The time may have come to talk about a cure for some cases of metastatic oropharyngeal cancer caused by human papillomavirus (HPV). This is a remarkable development, given the disease’s history of fatality. Sophie Huang, MRT(T), assistant professor in the Department of Radiation Oncology, Princess Margaret Cancer Centre, University of Toronto, presented the details of a recent study at the International Conference on Innovative Approaches in Head and Neck Oncology in Nice, France, in her presentation “Cure” Is a Realistic Goal in HPV-Related Oropharyngeal Cancer With Oligometastasis. Huang and her group defined cure for their study as surviving 2 years or longer without evidence of disease. They note 10% of HPV-positive patients were cured, and are alive and disease-free for 2.0-7.7 years following treatment of their limited metastatic disease.1

The etiology of oropharyngeal cancer has changed. The disease used to affect older people who were predominantly smokers and alcohol users; however, it is now more likely due to HPV infection and afflicts a somewhat younger population. If identified and treated early, positive results can be achieved for these patients.

For this prospective study, Huang and her colleagues at the Princess Margaret Cancer Centre identified 142 patients with distant metastases (DM) in 1,238 consecutive patients with oropharyngeal cancer treated with definitive radiotherapy from 2000 to 2011. Of this group, 88 patients had cancer related to HPV, and 54 patients who were negative for HPV had cancer that was related to smoking. The researchers were searching for answers to how the metastases formed and how they affected the course of the disease, including survival.1 They found that, although rates of DM were similar between HPV-related and smoking-related oropharyngeal cancers, there were differences in terms of time to manifestation, characteristics, and natural course after treatment.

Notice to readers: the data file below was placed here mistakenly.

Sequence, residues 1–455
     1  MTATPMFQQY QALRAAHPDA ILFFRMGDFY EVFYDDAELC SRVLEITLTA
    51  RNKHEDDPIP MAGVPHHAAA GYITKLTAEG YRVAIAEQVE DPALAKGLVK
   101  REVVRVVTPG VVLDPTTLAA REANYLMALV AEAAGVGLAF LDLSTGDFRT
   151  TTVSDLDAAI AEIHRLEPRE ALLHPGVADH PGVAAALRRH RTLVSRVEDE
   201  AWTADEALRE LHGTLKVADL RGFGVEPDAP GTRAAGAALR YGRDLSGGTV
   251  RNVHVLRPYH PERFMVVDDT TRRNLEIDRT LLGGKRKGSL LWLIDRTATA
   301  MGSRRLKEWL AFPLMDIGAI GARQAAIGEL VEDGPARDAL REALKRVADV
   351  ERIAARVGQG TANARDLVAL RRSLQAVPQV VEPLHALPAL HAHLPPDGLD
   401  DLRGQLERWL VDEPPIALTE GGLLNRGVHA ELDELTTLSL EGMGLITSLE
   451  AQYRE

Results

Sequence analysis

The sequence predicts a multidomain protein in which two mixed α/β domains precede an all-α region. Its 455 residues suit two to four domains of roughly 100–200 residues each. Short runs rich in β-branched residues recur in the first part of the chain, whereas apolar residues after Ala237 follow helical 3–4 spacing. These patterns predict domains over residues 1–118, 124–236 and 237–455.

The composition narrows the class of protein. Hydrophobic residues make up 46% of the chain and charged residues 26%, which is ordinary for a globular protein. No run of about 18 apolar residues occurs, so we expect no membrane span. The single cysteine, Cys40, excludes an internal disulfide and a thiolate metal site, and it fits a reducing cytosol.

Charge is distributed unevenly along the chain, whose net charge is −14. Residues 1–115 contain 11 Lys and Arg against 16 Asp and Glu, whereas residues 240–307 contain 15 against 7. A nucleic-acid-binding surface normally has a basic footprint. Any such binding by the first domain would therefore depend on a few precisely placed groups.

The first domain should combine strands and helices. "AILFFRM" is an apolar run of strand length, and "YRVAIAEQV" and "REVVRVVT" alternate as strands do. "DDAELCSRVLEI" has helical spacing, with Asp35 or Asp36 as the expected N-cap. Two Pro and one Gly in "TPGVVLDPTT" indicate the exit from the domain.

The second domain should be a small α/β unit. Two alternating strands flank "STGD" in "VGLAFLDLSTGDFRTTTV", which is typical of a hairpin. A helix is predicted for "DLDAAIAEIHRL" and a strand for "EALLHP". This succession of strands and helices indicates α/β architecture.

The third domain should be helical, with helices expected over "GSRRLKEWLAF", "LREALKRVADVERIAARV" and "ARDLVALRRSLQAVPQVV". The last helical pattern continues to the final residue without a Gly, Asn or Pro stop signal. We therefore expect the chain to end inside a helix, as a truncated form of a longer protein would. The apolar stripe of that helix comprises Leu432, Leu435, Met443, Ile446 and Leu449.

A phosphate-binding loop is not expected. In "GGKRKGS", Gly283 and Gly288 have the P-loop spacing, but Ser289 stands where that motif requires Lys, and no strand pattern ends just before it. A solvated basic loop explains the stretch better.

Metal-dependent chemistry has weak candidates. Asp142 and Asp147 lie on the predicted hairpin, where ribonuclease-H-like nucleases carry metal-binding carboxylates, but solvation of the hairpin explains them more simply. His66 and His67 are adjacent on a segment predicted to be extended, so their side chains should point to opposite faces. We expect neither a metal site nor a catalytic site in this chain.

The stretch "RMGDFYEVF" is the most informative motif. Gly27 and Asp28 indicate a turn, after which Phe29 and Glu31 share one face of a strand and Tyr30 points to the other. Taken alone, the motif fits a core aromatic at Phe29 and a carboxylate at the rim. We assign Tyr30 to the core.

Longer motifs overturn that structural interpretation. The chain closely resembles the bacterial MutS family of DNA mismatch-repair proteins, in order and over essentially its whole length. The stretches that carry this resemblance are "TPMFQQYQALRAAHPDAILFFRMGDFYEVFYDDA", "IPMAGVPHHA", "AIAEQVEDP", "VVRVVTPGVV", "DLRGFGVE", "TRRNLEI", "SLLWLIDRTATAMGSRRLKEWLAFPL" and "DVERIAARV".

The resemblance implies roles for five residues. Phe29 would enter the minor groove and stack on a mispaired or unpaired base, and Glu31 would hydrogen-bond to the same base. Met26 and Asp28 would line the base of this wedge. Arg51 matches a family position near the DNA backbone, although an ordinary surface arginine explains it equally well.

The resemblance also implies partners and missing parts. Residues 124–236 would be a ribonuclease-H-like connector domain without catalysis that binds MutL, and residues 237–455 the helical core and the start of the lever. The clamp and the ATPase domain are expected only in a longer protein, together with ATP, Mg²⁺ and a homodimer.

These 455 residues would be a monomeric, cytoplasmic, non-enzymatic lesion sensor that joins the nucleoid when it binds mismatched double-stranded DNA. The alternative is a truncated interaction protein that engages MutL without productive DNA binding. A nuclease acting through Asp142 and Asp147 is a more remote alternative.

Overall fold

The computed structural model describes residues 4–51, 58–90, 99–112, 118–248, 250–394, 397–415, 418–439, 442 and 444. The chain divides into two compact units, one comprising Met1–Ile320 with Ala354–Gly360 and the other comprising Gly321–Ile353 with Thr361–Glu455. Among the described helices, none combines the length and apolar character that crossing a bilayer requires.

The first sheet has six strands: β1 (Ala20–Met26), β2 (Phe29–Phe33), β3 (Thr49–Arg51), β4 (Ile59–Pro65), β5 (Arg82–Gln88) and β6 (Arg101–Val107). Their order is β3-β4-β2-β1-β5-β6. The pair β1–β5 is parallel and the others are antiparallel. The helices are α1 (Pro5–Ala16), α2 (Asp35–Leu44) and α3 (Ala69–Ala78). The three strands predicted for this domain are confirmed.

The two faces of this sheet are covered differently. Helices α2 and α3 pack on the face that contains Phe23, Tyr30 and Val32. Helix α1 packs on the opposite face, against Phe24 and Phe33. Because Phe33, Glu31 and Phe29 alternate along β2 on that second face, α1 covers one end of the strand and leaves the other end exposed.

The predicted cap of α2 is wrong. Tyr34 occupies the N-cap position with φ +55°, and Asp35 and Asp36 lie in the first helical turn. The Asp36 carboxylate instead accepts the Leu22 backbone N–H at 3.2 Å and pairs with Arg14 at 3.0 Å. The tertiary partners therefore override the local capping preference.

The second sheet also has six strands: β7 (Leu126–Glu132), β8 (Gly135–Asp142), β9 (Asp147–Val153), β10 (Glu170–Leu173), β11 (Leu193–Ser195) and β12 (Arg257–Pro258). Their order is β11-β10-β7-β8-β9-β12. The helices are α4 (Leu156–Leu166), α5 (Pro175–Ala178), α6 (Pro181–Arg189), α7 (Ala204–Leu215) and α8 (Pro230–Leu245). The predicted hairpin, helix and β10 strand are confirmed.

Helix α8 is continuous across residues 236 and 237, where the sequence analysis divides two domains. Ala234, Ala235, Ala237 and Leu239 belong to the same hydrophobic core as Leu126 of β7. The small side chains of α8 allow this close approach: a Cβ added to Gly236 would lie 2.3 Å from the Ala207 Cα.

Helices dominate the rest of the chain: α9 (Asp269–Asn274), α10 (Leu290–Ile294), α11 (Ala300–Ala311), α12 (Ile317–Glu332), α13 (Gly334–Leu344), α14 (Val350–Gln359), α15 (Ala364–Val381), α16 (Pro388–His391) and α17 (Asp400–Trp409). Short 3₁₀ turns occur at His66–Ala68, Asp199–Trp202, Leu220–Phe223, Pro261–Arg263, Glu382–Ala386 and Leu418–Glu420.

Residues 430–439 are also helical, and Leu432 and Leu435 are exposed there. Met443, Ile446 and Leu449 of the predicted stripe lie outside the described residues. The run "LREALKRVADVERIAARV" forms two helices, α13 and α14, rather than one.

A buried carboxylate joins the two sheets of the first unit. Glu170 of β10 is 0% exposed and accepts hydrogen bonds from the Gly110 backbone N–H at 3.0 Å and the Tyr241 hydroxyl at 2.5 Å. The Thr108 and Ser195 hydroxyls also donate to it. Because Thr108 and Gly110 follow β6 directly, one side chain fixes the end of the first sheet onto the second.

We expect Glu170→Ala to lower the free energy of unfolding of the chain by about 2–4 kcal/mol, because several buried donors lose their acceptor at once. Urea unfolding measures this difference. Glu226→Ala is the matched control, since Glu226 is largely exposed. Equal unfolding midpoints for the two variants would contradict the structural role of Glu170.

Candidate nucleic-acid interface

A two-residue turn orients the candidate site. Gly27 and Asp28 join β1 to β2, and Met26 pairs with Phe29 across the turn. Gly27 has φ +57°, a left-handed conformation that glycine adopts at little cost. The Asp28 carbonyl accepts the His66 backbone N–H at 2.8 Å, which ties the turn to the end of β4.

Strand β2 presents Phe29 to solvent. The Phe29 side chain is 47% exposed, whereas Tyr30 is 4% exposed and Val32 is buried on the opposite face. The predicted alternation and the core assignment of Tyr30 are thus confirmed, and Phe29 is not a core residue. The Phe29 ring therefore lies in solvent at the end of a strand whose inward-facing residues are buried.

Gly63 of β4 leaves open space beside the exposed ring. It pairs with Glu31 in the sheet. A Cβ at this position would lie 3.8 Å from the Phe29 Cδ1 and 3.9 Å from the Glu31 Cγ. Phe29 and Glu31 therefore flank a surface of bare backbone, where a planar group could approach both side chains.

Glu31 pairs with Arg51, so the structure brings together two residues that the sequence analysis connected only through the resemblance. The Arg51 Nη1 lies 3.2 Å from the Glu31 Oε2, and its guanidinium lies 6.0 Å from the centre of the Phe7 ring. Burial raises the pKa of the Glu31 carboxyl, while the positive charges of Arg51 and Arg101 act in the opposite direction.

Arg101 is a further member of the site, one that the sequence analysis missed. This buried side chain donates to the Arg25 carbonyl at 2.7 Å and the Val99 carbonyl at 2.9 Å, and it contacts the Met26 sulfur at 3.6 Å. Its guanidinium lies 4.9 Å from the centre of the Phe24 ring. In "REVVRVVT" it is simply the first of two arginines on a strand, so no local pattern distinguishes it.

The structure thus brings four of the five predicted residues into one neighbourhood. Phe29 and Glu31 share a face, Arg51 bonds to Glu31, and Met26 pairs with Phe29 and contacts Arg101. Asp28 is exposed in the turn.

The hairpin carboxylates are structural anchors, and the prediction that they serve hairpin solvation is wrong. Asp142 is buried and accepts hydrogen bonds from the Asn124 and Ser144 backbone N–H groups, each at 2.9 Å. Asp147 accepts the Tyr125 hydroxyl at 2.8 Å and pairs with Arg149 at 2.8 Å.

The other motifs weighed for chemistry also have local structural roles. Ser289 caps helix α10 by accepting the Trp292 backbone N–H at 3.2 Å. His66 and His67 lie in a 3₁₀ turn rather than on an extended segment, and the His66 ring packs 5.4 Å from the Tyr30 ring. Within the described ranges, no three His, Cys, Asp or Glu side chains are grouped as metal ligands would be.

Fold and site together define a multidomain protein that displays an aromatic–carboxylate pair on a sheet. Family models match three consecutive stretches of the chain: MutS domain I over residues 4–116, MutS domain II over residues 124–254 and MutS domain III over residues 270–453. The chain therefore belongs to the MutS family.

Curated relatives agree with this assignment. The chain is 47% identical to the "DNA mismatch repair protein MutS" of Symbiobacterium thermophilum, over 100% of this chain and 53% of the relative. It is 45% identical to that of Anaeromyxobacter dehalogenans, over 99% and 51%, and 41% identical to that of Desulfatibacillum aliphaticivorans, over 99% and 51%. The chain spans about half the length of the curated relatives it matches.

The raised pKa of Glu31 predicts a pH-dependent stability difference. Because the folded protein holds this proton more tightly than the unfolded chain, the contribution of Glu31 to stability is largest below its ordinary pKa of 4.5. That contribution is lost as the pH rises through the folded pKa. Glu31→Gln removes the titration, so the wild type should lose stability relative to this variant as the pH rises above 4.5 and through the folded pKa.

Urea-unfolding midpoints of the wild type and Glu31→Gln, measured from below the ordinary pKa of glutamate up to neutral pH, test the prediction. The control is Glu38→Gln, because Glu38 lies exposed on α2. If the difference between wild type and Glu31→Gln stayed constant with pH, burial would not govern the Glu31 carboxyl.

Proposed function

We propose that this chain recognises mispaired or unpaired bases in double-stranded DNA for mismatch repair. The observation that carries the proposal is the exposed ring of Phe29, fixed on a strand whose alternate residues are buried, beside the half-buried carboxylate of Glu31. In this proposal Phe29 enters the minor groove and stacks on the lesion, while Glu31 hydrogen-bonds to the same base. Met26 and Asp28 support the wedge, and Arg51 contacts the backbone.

The time frame for detecting DM differed significantly between the groups. DM occurred in the HPV-negative patients quickly (94% within 2 years following initial radiation treatment), whereas DM occurred in 24% of HPV-positive patients beyond a 2-year time frame, with metastases detected the farthest, at 7.9 years. Huang said, “This observation indicates that HPV-related OPC patients who are disease-free for 2 years after initial treatment are not out of the woods. An important point of exploration is a longer surveillance period with appropriate detection methods to help identify DM earlier before widely disseminating, and to design optimal treatment for those with limited metastatic diseases. The hope is that this might cure HPV-positive patients with distant metastasis.”1


The researchers reported two types of DM in HPV-positive patients. The types were identified by radiologic and histologic confirmation.

• Disseminating (to more than three organs), often with explosive manner defined as more than 10 lesions in one organ within a 3-month period following detection of DM.

• Oligometastasis defined as five or fewer indolent (slow growing) lesions in one organ.

Forty-seven patients in the HPV-positive group had DM in two or more organs, while there were 11 such cases in the HPV-negative group. Although 26 HPV-positive patients had explosive DM, none of the HPV-negative patients did. In both the HPV-positive and -negative patients, metastasis spread most often to the lung (78% vs 89%, respectively), although metastases can also be found in other unusual sites, such as the brain and intra-abdominal organs.1